Aktivitet: Deltagelse i eller arrangering af en begivenhed › Deltagelse i workshop, seminar og kursus
Standing working group 6
Practice-Based Studies of Knowledge and Innovation in Workplaces
– Practice that Upset and Upsetting Practices
Gail Greig, Paolo Landri, Davide Nicolini, Kjersti Björkeng, Marc Barbier,
Marie Hemming & Poul Bitsch
Title : Dispatch technique and research on virtue
During recent years, several communities within the field of EGOS have produced discussions on the process, organization and power relations during research seminars (Gherardi 2006). Critical voices and reflections are formulated in several texts, e.g. Räsanen (2006), Steyart & van Looy (200X), expressing desperation and hopelessness about the institutions that sustain research seminaring and are reproduced into intersubjective situations in the meetings. Inconsistent theorizing and expectations seem to some extent to be an inherent part of our seminar practice, revealing that productive seminars should still be strived for. Productive initiatives have been formulated by conveners organizing workshops within the field, also in relation to the PBS; the quality of a productive seminar may not be a single unit supported by simple measures. In this text we suggest a productive seminar may be a changing social activity, through which internal good is developed in relation to the morality employed by the participants.
This text investigates a research technique organizing an intersubjective reflection and negotiation on PBS participants’ experience with seminar participation, organizing and outcome.
The first phase of the research technique includes a turn-taking questioning and answer about “how is virtue present in an academic seminar?” This phase has an actual form as a dispatch, circulated between the participants, and can be read as a file. This first phase is executed as distinct monologues: while each contribution is resting on the input of the others, and as such part of a dialogue, the texts’ contributions are still stand alone items, with no interventions from other writers and the distinct signature of the writer on it.
Next step is a more open discussion on areas of agreement as well as contrary views. The aim is to collectively negotiate what (they) have said about the presence of virtue in an academic seminar, creating a form of collective knowing. By step two the research technique is moving from the “monologues dialogue” of step one to a collective reasoning more explicitly in search of a joint platform. This collective reasoning is also present in the discussion practice, as the borders between words which are “mine” or “yours” are rubbed out, and the origin of ideas becomes a joint venture.
The product, or for-the-moment-frozen result, of step two is this paper jointly written by the participants in the “extended seminar” on virtues in research seminars. In the paper the particular technique as well as the negotiated suggestions on virtue in academic seminars is presented. Furthermore the virtue of the technique (the process) is discussed in light of the generic topic (the content). Having experienced the technique as providing a space of virtuous negotiation, the relation between the process and content becomes conspicuous. Is it the technique, or the explicit presence of virtue through the topic, that gives room for virtuous discussions? Are the virtues emerging dependent on the joint forces of process and content, or would any discussion with this process become virtuous? Would any discussion on virtue become virtuous? Suggesting a productive seminar as a changing social activity, where its internal goods are developed in relation to the morality employed by the participants, the explicit presence of virtue through the topic discussed lends itself to the becoming of virtuous practices.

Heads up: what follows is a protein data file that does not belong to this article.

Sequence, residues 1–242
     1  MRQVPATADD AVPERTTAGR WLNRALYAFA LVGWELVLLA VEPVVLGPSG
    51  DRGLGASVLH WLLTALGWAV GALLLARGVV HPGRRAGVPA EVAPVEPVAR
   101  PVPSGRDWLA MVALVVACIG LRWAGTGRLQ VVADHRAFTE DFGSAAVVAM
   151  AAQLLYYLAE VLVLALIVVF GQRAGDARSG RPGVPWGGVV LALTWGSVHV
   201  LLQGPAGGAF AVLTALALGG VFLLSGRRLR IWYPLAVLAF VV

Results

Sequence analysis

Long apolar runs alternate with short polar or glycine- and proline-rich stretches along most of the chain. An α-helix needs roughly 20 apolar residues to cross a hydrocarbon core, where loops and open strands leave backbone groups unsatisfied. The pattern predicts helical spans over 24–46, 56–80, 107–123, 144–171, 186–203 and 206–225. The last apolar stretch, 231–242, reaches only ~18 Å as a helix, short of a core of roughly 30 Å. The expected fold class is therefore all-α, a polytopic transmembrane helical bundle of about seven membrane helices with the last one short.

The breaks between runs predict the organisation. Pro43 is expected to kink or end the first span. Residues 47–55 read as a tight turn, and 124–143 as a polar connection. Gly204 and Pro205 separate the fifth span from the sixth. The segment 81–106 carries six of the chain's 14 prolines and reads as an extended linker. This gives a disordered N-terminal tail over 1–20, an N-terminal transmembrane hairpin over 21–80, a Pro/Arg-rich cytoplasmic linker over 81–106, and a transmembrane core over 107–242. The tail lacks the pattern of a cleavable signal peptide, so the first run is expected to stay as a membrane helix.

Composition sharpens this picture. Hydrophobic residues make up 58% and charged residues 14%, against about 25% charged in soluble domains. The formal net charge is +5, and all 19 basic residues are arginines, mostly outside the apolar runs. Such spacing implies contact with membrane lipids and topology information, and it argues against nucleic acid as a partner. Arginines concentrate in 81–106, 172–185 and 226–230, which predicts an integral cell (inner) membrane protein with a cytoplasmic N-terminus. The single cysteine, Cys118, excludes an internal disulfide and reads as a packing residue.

We wish to apply the third part of the technique at the PBS. It is an organized negotiation about how the knowing we have created in this collective could be an answer to the question about virtue’s presence (and production) in an academic seminar. That is; we wish to instantiate the becoming of an organized negotiation where the text (product of phase two) should function as a starting point for further virtuous negotiations on virtue. This organized negotiation will also be a test on whether the method of negotiation (process) can be recreated and applied for the broader and present set of seminar participants that will be at the PBS.
The presentation consequently includes methodological aspects, while another discussion – about the meaning and scope of morality in the organizing of an academic seminar – is an inherent issue in the presentation. The presentation could – if the convenors want to emphasize the discussion on the theoretical and practical implications of the paper – have a session for itself or an enlarged amount of time. We suggest opening the PBS by introducing and discussing this paper. Adjusting the technique to the assembly, we wish to introduce questions on virtue prior to the workgroup and by this presentation and discussion hopefully contribute to even more virtuous discussions on our EGOS standing workgroup.
Several authors present other papers during the seminar, while a few cannot participate this summer.